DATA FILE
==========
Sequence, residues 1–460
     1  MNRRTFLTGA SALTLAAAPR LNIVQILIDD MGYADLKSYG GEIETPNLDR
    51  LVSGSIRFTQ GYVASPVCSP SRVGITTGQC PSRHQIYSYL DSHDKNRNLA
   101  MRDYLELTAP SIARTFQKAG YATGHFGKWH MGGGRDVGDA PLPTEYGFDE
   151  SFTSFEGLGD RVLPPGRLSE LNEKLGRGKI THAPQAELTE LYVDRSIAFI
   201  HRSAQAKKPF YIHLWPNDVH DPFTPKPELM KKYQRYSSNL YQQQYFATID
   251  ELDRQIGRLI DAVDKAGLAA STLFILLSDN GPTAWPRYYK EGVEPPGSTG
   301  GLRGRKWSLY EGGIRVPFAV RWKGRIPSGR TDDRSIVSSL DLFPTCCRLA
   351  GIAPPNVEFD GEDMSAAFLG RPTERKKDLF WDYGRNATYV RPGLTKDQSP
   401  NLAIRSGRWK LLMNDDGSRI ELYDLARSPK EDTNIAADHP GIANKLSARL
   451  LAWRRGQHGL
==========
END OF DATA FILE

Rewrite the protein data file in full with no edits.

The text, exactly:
Sequence, residues 1–460
     1  MNRRTFLTGA SALTLAAAPR LNIVQILIDD MGYADLKSYG GEIETPNLDR
    51  LVSGSIRFTQ GYVASPVCSP SRVGITTGQC PSRHQIYSYL DSHDKNRNLA
   101  MRDYLELTAP SIARTFQKAG YATGHFGKWH MGGGRDVGDA PLPTEYGFDE
   151  SFTSFEGLGD RVLPPGRLSE LNEKLGRGKI THAPQAELTE LYVDRSIAFI
   201  HRSAQAKKPF YIHLWPNDVH DPFTPKPELM KKYQRYSSNL YQQQYFATID
   251  ELDRQIGRLI DAVDKAGLAA STLFILLSDN GPTAWPRYYK EGVEPPGSTG
   301  GLRGRKWSLY EGGIRVPFAV RWKGRIPSGR TDDRSIVSSL DLFPTCCRLA
   351  GIAPPNVEFD GEDMSAAFLG RPTERKKDLF WDYGRNATYV RPGLTKDQSP
   401  NLAIRSGRWK LLMNDDGSRI ELYDLARSPK EDTNIAADHP GIANKLSARL
   451  LAWRRGQHGL